“Compassion for animals is intimately connected with goodness of character; and it may be confidently asserted that he who is cruel to animals cannot be a good man”
Everyday, more elephants are captured for illegal logging operations. Forced to aid the destruction of their own natural habitat, they move around in chains hauling away huge trees, clearing the way for more palm oil plantations. With their habitat gone, the free herds are compelled to move towards human settlements in search of food and shelter. They have nowhere else to go. They have no choice other than to leave behind the remnants of their forests and head towards the villages. Those that do flee are often on the point of starvation. Unfortunately, on the move, they are inclined to do a great deal of damage. This has brought humans and elephants to the point of war in Asia.
Villagers are laying traps for elephants, tormenting and torturing them, and even killing them. But, it is hard to blame them sometimes. A moving elephant can, and does, trample crops, demolish homes and kill people. And it is happening a lot. But, that doesn’t mean the fault lies with the elephant either.
The blame for this appalling situation falls squarely on the shoulders of the greedy, callous and criminal plantation owners. Those who see little other than a cash crop. The West cannot get enough of palm oil, and there are few products that do not contain it. And, these insatiable pillagers of the forests intend to meet the demand regardless of the absolute devastation they are causing to the irreplaceable and magnificent rainforests and the dependent inhabitants.
As most of us are aware, elephants are not small. The average Asian adult male comes in at about five and a half tons. They grow up to nine feet at the shoulder and can be as long as twenty-one feet from trunk to tail (the tail being just under five feet long). Females tend to be smaller. The ears of the Asian elephant are much smaller than those of the African elephant and coincidentally resemble the shape of the India subcontinent.
In Asian elephants, unlike their African cousins, only the males have tusks. If any are found in females, they (the ‘tushes’) are barely visible. Tusks are, in fact, elongated incisors which continue to grow throughout the elephant’s life. They are used for eating, digging for water, debarking trees, social interactions and as weapons.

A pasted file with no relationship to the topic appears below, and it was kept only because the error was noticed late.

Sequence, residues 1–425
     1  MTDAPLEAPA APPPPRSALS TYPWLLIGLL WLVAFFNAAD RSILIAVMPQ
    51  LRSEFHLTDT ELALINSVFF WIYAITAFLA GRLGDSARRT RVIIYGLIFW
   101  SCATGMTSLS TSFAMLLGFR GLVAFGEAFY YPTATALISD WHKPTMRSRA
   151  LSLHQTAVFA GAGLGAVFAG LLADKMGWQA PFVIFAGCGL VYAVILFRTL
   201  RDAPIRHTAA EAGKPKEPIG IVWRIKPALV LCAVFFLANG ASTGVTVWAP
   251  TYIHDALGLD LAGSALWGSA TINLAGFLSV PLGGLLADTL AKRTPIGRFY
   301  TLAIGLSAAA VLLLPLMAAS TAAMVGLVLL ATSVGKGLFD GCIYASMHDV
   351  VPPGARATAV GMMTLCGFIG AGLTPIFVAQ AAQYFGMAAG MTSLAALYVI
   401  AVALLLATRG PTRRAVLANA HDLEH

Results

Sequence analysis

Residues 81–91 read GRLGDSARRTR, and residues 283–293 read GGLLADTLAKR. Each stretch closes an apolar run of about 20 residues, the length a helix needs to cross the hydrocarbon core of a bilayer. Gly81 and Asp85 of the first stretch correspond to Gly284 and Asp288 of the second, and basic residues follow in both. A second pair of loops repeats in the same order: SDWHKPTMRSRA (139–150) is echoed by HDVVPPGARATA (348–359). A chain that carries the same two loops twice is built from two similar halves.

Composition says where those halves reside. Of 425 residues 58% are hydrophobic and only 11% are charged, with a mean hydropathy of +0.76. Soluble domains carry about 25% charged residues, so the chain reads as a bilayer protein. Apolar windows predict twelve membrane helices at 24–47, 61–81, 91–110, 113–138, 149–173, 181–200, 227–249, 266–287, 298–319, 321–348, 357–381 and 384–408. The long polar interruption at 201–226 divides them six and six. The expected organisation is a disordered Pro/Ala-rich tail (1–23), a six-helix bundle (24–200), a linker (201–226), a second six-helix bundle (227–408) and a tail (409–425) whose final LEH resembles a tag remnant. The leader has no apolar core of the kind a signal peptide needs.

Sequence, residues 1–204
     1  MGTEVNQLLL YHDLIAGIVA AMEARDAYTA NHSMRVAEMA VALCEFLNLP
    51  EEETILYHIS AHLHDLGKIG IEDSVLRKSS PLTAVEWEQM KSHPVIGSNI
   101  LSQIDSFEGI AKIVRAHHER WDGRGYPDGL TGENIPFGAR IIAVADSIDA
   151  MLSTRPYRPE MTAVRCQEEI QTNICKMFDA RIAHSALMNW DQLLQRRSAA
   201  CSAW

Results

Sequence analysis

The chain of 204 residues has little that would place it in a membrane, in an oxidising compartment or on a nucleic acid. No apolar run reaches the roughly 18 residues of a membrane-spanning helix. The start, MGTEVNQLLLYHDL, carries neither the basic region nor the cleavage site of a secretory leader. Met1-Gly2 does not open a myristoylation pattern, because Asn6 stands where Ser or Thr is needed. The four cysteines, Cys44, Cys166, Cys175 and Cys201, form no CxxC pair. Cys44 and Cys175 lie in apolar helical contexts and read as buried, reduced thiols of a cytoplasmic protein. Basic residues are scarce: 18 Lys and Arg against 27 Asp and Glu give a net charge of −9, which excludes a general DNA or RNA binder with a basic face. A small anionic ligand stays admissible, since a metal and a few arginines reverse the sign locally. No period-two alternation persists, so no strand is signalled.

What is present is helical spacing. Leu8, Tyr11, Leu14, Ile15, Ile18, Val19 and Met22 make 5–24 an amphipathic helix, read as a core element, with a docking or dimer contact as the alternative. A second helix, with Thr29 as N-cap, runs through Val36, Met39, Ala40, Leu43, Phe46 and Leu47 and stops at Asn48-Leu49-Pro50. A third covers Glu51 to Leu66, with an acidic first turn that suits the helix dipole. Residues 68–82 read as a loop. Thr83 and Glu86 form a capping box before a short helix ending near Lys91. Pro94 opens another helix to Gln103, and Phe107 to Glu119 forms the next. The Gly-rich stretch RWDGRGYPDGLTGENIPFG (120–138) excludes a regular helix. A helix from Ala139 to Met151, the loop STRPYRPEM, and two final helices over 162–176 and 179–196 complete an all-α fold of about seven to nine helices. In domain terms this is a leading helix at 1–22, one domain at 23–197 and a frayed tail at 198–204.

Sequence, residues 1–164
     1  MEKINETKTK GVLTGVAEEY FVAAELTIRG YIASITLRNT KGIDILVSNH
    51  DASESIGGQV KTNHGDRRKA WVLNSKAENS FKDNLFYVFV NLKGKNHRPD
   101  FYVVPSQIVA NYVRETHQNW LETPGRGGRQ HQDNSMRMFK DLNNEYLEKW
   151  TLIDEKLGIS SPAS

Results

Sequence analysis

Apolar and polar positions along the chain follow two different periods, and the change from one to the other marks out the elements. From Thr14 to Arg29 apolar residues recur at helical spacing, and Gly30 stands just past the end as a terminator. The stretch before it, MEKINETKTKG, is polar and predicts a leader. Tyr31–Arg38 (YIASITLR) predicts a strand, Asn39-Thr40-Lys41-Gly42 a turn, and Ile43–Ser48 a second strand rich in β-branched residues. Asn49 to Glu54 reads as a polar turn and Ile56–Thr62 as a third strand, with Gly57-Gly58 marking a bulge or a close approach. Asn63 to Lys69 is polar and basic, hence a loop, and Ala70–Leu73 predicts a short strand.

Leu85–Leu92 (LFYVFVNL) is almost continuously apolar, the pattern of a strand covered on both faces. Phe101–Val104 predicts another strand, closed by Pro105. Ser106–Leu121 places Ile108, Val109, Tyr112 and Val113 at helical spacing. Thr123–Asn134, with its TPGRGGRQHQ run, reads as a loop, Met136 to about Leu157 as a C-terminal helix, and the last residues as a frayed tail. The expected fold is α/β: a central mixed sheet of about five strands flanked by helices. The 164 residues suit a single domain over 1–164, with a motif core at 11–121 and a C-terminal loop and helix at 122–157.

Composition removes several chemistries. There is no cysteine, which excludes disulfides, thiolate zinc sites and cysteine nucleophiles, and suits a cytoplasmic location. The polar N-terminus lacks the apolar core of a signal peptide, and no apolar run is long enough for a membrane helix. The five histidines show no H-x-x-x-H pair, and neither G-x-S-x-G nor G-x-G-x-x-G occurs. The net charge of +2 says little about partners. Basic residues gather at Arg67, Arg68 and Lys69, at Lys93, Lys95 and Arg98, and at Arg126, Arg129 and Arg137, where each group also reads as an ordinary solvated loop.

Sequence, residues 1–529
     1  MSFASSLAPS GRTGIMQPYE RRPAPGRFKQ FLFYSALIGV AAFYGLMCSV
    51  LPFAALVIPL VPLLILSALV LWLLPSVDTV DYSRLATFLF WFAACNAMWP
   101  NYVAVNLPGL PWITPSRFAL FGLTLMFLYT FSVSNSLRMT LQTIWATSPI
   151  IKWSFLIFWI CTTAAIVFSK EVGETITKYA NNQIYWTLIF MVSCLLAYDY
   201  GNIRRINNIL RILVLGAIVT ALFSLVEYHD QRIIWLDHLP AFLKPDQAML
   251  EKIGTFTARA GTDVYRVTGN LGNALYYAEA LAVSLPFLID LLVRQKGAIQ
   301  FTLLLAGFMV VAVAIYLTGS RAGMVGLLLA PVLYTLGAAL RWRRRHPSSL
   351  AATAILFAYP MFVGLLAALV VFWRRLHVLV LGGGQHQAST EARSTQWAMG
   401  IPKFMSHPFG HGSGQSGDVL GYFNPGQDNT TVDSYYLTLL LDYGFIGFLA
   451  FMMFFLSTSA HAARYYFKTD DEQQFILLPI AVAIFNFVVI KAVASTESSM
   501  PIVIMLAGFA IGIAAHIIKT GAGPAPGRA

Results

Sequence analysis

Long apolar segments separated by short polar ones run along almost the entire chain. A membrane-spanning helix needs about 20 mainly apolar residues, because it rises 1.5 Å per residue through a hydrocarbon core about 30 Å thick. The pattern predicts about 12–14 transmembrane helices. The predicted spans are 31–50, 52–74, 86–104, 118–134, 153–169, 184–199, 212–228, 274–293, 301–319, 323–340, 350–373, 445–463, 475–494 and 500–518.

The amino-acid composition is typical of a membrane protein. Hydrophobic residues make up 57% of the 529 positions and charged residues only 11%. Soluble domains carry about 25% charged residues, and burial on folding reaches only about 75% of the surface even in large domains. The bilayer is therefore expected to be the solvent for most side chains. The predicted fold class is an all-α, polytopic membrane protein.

Elephants usually mate during the rainy season. After a gestation period of twenty-two months, a single calf will be born (twins are very rare). The calf will weigh about two hundred and fifty pounds at birth. When born, calves suckle through the mouth. At this point the trunk does not have enough developed muscle to be of any use. Several months will need to pass before it is able to gain full use of it. The bond between mother and calf is known to be strong, but others in the herd will help out with the infant’s care. Once males have reached adolescence, they will be pushed away from the group. Most will become part of bachelor groups until they reach full maturity and go it alone.
A wide variety of forests, grasslands and scrublands.
Asian elephants occur in isolated populations in thirteen range States in parts of India and South-east Asia, including Sumatra and Borneo.
What they eat
Grasses, roots, fruit, and bark – and in enormous quantities. One adult alone can get through up to 300 pounds of food in a day. They are also known to eat cultivated crops such as sugar cane and bananas.
Capture for domestic use; this has become a major problem for some populations and numbers have been reduced significantly. Habitat loss, degradation and fragmentation are also huge threats. Poaching and conflict with humans is on the rise.
The Asian elephant (Elephas maximus) is listed on the IUCN Red List of Threatened Species as Endangered. It is also protected under Cites Appendix 1. Estimates put the population, across all range States, as being between thirty-nine and fifty thousand in the wild, with a further thirteen thousand kept as working or former-working elephants. There are obvious difficulties in collecting this sort of data, so exact figures have never been published. What is certain, is that over half the elephants occur in India.
Various agencies and organisations are working towards reducing conflict between local communities and the elephants. This includes approaches to crop protection, community-based guarding methods to safely repel the onslaught of elephants and education and promotion of elephant conservation throughout Asia.